Amid military aggression, China ramps up diplomacy with US

(WASHINGTON) — Although U.S. officials have accused China’s military of carrying out dangerous provocations in recent days, diplomats from both countries are ramping up engagement at the same time — a two-prong approach that seems to be increasingly driven by Beijing.

On Monday, White House spokesperson John Kirby condemned a close call in the Taiwan Strait over the weekend when a Chinese warship crossed just about 150 yards across an American destroyer’s bow, a move the Pentagon described an “unsafe maritime interaction.”

“We urge them to make better decisions about how they operate in international airspace, and sea-space,” Kirby said, adding that this incident as well as a Chinese fighter jet recently coming within 400 feet of a U.S. Air Force reconnaissance aircraft in international airspace speaks to an “increasing level of aggressiveness” demonstrated by Beijing’s military.

But despite that public chastisement by the Biden administration, high-level U.S. officials from the State Department and the National Security Council held private talks in Beijing — the latest sign that tensions between the powers are easing, at least on the diplomatic front.

The State Department’s deputy spokesperson Vedant Patel described the meetings as “candid and productive discussions as part of ongoing efforts to maintain open lines of communication,” and an effort to build on other recent high-level engagements.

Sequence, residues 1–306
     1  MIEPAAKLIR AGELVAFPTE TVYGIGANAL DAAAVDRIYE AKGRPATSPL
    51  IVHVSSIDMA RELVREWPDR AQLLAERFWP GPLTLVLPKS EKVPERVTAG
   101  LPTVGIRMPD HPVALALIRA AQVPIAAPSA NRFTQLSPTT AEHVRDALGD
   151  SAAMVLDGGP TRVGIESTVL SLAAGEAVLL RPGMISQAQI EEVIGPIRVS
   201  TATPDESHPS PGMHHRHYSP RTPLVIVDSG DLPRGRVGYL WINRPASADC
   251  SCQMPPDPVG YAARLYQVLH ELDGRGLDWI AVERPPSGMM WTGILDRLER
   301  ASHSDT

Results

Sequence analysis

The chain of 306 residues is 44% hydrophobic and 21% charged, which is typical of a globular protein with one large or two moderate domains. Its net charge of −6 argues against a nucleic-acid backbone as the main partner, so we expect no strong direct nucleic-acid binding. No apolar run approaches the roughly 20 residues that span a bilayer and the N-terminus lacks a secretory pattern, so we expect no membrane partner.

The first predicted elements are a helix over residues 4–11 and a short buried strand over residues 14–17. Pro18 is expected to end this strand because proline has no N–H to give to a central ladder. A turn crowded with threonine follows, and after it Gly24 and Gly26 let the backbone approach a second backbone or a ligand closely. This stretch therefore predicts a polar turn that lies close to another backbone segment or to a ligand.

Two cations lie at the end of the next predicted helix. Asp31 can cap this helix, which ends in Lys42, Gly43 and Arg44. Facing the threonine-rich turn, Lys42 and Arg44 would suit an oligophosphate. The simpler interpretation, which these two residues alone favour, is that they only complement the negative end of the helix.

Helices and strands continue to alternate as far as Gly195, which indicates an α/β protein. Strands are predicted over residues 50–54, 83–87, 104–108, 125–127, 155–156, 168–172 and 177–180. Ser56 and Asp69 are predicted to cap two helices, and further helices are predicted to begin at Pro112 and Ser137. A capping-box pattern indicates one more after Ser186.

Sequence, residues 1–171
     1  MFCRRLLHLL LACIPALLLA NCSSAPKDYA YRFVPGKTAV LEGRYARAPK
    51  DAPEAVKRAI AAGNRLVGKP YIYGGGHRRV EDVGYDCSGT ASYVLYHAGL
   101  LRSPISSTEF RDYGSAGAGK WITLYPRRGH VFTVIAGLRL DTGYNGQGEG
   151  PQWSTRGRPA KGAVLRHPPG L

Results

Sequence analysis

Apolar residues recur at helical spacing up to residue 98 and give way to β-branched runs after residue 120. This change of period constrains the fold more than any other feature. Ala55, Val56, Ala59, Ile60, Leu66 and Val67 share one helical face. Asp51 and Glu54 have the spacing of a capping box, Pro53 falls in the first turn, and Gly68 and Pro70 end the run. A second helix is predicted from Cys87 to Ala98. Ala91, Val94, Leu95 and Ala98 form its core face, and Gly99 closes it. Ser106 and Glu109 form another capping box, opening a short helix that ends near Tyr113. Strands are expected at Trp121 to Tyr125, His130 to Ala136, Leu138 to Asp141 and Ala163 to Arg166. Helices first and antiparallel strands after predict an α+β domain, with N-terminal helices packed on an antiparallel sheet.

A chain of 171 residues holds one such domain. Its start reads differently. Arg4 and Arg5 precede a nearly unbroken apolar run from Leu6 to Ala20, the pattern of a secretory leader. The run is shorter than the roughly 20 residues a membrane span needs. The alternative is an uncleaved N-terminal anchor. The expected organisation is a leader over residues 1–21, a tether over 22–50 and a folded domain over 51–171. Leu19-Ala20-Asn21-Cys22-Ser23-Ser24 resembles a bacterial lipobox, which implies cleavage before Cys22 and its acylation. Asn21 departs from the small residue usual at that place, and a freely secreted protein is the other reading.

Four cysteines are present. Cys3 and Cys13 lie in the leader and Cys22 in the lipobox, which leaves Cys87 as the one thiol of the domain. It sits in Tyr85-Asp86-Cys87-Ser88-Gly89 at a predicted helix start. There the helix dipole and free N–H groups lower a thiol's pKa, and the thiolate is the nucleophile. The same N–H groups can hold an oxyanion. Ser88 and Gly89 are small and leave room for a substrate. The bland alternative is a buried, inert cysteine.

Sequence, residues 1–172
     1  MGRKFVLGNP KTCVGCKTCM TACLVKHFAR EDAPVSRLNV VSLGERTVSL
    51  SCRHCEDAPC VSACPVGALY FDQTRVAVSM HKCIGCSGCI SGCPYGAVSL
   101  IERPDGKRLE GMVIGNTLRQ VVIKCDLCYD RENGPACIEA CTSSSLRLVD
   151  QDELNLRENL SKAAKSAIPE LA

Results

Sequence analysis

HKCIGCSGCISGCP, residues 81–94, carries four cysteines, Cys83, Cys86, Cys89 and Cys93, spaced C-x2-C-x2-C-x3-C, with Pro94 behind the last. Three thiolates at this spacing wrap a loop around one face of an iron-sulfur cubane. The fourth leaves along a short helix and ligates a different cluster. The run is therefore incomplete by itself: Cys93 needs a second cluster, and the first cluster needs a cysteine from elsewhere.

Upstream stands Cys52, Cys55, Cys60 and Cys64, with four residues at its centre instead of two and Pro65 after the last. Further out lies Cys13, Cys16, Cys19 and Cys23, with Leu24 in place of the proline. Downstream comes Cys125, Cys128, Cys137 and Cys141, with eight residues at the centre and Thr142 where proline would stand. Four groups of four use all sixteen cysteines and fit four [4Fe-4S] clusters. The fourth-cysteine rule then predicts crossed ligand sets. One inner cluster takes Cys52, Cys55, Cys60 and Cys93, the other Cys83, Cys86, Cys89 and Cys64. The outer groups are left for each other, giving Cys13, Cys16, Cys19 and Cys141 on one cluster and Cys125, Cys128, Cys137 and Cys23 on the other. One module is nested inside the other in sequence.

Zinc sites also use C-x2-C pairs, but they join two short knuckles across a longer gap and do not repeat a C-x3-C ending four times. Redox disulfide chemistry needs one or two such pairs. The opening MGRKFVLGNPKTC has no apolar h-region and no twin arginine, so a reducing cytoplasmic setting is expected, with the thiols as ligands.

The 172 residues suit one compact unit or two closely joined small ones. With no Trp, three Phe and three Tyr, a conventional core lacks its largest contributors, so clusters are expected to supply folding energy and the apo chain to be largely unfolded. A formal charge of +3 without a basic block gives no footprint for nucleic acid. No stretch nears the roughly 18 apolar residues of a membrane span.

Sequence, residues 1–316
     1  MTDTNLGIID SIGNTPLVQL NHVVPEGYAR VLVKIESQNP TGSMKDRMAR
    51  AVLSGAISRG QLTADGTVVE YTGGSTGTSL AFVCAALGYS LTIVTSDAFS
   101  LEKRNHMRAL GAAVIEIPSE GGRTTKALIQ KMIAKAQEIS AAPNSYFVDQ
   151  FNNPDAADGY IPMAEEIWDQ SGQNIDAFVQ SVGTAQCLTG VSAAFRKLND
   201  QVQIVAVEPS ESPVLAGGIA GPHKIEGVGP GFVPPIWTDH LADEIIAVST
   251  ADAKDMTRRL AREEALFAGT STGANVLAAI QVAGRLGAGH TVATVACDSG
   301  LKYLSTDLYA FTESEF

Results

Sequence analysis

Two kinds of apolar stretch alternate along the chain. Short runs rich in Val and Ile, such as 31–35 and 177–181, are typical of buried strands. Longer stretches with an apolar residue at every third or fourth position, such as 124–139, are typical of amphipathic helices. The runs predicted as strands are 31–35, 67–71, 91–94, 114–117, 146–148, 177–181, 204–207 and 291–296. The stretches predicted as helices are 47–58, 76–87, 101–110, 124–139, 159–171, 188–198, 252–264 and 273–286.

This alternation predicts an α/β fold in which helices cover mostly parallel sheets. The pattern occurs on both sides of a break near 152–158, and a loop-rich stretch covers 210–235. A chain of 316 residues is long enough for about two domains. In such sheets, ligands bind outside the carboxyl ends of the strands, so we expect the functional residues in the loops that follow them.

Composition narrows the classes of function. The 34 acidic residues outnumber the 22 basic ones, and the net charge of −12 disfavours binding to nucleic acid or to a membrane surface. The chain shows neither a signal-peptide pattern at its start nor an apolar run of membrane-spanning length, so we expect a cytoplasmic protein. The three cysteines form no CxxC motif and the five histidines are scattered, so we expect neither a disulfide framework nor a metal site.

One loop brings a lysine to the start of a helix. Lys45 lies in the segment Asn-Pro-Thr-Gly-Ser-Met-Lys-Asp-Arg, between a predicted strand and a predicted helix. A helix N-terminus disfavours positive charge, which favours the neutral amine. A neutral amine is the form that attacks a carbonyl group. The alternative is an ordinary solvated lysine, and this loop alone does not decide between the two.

“President Biden has been clear we don’t seek any kind of new Cold War and our competition must not spill over into conflict,” Patel said.

While the Biden administration has been consistent in seeking to maintain open lines of communication across areas of government, Beijing’s split-strategy has become more evident in recent weeks as it apparently seeks to thaw relations with Washington while continuing to show its military might in the Indo-Pacific.

China’s reticence to participate in military-to-military communication with the U.S. across senior and working levels is a longstanding tradition, and one on display last week when Defense Secretary Lloyd Austin’s request for a face-to-face meeting with his Chinese counterpart at the annual Shangri-la Dialogue in Singapore was rejected.

A reason for that hesitancy, sources and experts say, is that the Chinese government sees military communication between the countries as dominated by the Taiwan issue — a matter where Beijing sees virtual zero room for compromise, and thus, little need for conversation.

But in other arenas, Beijing sees plenty of potential benefits in engaging with Washington — particularly when it comes to the U.S.-China trade relationship.

Although China’s Ministry of Foreign Affairs has periodically sent mixed messages about its posture towards the U.S., its actions in recent weeks have displayed a renewed enthusiasm for diplomacy. In May, Beijing appointed an ambassador to the U.S. after the post was left vacant for months and sent a delegation to Detroit to participate in trade talks.

Officials from both countries also see the recent visit by U.S. officials to Beijing as an important precursor for rescheduling Secretary of State Antony Blinken’s trip the city, which was scrapped in February after a Chinese surveillance balloon was identified over the U.S. mainland.

Sources say that getting that trip back on track is something that both countries want to see happen, and that it may be added to the calendar before the end of the summer.

While there are examples of progress in the bilateral relationship, American officials have warned that a gap in military-to-military communication may still result in a dangerous blind spot, which could lead to additional close-calls between countries and dangerous escalation.

“It won’t be long before somebody gets hurt,” Kirby said of the intercepts. “They can lead to misunderstandings. They can lead to miscalculations.”

ABC’s Justin Gomez contributed to this report.

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